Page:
Powerful X1 Solar Flare Erupts From Sun

NASA SDO Solar Flare October 2022

NASA’s Solar Dynamics Observatory captured this image of a solar flare – as seen in the bright flash on the top right – on October 2, 2022. The image shows a subset of extreme ultraviolet light that highlights the extremely hot material in flares and which is colorized in orange. Credit: NASA/SDO

The Sun emitted a strong solar flare, peaking at 4:25 p.m. EDT (1:25 p.m. PDT) on October 2, 2022. NASA’s Solar Dynamics Observatory, which constantly watches the Sun, captured an image of the event (see above).

Solar flares are powerful bursts of energy from the Sun. Flares and solar eruptions can pose risks to spacecraft and astronauts. They can also affect things on Earth including radio communications, navigation signals, and electric power grids.

SDO Artist's Concept

Artist’s concept of the Solar Dynamics Observatory (SDO). Credit: NASA/Goddard Space Flight Center Conceptual Image Lab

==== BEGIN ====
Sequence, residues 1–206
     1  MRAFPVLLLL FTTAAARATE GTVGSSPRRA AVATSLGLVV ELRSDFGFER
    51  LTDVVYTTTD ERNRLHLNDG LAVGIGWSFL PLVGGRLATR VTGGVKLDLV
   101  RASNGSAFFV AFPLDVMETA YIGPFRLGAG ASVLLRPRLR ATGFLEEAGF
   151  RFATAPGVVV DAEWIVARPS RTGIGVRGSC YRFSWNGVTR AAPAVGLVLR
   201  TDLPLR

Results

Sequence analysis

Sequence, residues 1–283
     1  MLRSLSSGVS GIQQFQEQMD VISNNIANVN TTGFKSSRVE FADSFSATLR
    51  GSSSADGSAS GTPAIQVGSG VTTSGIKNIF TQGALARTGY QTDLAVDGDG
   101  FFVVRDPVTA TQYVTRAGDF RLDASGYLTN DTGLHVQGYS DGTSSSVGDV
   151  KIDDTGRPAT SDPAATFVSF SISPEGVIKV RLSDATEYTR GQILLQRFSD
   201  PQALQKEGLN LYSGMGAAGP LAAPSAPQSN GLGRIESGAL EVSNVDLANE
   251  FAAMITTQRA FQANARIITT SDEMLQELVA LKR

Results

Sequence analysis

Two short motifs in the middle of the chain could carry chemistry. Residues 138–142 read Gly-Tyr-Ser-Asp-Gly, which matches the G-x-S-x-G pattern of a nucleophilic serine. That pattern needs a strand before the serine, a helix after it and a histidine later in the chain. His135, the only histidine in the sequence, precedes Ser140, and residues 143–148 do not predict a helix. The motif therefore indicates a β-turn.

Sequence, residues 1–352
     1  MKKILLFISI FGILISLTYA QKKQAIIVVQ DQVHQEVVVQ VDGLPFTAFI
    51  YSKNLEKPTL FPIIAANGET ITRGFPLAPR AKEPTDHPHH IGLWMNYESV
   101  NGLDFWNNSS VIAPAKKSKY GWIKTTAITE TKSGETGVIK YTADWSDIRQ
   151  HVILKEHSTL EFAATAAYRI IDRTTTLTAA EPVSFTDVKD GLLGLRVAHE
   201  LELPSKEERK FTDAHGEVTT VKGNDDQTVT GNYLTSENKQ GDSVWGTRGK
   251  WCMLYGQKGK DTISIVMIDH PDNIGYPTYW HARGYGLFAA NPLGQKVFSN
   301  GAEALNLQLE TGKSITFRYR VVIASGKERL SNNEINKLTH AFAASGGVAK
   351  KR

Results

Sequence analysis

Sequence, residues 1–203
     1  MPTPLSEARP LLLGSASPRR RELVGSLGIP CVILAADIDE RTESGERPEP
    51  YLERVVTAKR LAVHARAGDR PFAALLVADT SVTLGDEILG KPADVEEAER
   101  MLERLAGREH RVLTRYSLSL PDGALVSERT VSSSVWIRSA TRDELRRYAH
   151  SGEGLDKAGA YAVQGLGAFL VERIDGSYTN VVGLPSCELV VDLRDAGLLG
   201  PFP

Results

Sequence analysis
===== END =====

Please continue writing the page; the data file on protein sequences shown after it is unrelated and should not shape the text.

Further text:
This flare is classified as an X1 flare. X-class denotes the most intense flares, while the number provides more information about its strength. More information on how flares are classified can be found here.

To see how space weather like this can affect Earth, please visit NOAA’s Space Weather Prediction Center. It is the U.S. government’s official source for space weather forecasts, watches, warnings, and alerts. NASA works as a research arm of the nation’s space weather effort. NASA constantly observes the Sun and our space environment with a fleet of spacecraft that study everything from the Sun’s activity to the solar atmosphere, and to the particles and magnetic fields in the space surrounding Earth.

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